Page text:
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More than a fifth of Britons now believe they have gained better control of their finances since March. But while one in four have become more interested in their financial wellbeing, 60 percent are still unaware of their current credit score – an important indicator of a person’s financial health. This is critical because lenders use this to help decide who to lend to, how much to lend and, sometimes, how much to charge.
The research, commissioned by Experian, also found that three in 10 never look at their credit score, and 25 percent are unaware of the factors that contribute to it.
This could present a problem for the 19 percent who are likely to apply for credit in the New Year.
The findings mark the launch of Experian Boost – a new and free instant credit score improvement service that includes digital subscriptions including Netflix, Amazon Prime and Spotify.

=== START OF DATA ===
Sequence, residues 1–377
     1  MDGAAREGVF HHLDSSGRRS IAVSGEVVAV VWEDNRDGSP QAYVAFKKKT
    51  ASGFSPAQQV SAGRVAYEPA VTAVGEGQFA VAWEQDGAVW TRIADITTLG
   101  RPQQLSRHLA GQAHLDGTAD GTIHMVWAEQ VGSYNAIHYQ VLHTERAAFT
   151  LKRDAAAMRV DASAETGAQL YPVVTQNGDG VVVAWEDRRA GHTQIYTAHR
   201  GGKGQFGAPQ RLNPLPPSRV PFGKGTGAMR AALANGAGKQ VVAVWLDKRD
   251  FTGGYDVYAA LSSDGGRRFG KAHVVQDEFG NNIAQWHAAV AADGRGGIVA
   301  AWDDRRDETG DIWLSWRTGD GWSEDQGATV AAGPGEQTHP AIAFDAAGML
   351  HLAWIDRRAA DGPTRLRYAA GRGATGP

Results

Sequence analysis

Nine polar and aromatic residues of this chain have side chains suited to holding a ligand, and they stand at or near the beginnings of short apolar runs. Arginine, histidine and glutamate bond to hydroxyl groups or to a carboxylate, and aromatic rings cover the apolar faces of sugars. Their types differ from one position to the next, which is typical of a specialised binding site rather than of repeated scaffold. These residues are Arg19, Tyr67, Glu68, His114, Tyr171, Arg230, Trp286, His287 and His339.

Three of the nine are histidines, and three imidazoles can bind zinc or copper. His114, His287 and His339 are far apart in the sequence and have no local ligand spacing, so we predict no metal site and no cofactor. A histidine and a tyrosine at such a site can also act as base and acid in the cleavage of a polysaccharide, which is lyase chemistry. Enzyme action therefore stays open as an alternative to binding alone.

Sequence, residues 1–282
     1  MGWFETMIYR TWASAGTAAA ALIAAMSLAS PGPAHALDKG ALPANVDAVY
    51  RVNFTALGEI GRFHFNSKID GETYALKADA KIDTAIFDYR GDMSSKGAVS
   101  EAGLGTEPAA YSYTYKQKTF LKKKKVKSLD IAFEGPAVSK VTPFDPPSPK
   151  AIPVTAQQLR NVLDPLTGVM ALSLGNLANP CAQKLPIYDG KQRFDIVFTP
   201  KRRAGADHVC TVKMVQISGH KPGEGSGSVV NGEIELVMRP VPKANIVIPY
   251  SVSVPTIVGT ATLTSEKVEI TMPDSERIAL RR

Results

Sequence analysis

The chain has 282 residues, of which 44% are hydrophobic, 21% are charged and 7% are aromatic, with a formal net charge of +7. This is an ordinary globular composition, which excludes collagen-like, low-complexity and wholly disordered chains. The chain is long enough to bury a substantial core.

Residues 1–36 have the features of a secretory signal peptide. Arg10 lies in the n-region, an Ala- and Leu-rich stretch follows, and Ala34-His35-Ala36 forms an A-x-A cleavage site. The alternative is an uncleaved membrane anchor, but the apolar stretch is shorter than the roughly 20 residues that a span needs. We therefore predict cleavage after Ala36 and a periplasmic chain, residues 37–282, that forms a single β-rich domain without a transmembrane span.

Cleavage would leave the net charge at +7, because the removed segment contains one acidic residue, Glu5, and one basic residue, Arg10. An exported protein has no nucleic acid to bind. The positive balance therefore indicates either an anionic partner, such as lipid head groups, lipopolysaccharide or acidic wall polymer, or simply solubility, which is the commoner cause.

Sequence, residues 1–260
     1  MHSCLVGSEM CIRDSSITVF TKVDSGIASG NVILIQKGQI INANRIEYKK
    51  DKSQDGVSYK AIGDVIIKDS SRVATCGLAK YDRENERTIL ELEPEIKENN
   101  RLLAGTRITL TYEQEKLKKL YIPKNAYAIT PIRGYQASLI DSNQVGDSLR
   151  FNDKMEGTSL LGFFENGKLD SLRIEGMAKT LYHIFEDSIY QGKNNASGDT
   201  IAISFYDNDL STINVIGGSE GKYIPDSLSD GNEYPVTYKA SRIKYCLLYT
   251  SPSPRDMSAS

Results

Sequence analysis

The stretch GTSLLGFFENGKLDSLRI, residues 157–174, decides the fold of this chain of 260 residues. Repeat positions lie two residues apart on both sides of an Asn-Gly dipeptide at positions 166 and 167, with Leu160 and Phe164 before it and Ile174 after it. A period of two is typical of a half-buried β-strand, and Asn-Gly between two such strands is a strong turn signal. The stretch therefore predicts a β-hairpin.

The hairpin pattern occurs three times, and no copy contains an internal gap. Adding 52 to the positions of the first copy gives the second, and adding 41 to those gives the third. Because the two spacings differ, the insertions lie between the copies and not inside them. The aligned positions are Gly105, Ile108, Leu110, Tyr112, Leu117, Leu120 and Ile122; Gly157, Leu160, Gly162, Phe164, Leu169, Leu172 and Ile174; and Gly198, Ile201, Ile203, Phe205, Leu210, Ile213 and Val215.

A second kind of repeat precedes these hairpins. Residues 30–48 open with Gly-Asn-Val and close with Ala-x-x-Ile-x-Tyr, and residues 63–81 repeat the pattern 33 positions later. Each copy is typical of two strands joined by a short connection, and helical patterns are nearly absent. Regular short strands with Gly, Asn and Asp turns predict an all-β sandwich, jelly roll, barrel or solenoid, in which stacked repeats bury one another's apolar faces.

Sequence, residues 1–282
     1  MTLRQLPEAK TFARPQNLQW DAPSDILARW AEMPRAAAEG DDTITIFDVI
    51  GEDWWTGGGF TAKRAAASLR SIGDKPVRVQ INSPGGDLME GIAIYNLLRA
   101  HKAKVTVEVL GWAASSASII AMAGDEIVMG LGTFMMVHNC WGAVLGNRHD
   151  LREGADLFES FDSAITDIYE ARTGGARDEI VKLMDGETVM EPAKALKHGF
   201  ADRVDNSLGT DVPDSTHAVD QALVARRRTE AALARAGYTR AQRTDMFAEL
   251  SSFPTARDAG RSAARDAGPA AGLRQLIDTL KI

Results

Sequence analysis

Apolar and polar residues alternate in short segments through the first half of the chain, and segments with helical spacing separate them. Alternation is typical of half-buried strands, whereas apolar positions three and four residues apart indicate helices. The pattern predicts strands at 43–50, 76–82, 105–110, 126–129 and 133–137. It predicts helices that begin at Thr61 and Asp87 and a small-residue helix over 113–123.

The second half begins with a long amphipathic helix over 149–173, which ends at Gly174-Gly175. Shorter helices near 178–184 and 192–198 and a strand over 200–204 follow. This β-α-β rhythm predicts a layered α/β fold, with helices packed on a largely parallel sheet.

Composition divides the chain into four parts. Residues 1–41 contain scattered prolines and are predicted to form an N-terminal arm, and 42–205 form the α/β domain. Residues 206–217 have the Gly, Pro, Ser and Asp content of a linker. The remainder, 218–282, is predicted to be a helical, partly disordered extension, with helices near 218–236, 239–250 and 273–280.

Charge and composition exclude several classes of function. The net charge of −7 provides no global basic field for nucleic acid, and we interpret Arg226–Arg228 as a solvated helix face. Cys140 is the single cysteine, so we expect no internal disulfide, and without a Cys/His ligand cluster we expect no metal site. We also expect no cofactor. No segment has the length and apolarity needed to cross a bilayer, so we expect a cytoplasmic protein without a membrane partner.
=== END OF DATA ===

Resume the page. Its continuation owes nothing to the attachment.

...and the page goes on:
These regular payments for the nation’s “lockdown essentials” can now count towards improving credit scores and ultimately, financial eligibility, for the first time.
The study, conducted via OnePoll, also found that these subscriptions are “lockdown essentials” that Brits can’t be without.
In fact, 32 percent claimed these forms of entertainment have been central to life in recent months.
James Jones, the head of consumer affairs at Experian, said: “The current circumstances mean many have had no choice but to take more notice of their spending.
“We also know that consumers are more likely to take an active interest in their overall financial health if they feel like they can directly control it – whether that’s by making a concerted effort to build savings or by improving their credit score.
“Our study found that 41 percent feel they would be more engaged with their financial health if they could prove they were reliable with money using their regular subscription payments.
“Now, for the first time with Experian Boost, keeping up with our TV and music streaming subscriptions can contribute to our overall financial image, which ultimately could positively impact our chances of securing credit in the future.”
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